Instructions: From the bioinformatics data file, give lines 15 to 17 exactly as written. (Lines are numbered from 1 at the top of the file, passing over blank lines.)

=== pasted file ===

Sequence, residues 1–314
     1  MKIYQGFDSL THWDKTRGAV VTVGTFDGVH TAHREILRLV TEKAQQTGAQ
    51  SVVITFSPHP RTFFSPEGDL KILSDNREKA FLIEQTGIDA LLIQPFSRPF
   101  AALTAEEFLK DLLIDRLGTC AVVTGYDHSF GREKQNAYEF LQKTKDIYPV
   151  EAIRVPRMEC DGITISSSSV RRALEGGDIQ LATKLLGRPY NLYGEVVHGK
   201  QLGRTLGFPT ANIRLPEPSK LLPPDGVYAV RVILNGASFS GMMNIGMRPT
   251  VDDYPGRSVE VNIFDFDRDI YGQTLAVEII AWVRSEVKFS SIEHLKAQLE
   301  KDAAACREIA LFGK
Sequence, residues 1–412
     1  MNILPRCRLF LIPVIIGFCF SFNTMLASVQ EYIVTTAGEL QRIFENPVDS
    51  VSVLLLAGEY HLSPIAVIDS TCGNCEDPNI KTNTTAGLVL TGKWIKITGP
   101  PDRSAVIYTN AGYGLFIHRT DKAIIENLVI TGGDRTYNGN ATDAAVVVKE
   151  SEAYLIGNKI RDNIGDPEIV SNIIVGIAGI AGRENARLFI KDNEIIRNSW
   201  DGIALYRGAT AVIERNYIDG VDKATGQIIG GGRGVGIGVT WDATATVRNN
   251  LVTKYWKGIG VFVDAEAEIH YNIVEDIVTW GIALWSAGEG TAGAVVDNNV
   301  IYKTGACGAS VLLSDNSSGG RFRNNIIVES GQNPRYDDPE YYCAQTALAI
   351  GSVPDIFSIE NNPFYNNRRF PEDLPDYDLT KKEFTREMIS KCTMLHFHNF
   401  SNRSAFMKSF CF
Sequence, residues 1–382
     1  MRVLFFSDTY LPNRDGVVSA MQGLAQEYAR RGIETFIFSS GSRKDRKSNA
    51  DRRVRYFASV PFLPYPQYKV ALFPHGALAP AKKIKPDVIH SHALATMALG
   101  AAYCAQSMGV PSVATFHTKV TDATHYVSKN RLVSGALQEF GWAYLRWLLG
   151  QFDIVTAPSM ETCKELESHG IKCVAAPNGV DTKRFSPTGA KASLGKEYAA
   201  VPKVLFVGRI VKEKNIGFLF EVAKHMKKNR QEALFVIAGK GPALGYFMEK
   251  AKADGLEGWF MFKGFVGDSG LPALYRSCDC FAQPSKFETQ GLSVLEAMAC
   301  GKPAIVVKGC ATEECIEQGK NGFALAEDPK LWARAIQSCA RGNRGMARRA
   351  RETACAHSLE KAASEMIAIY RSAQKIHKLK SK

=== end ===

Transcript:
   251  LVTKYWKGIG VFVDAEAEIH YNIVEDIVTW GIALWSAGEG TAGAVVDNNV
   301  IYKTGACGAS VLLSDNSSGG RFRNNIIVES GQNPRYDDPE YYCAQTALAI
   351  GSVPDIFSIE NNPFYNNRRF PEDLPDYDLT KKEFTREMIS KCTMLHFHNF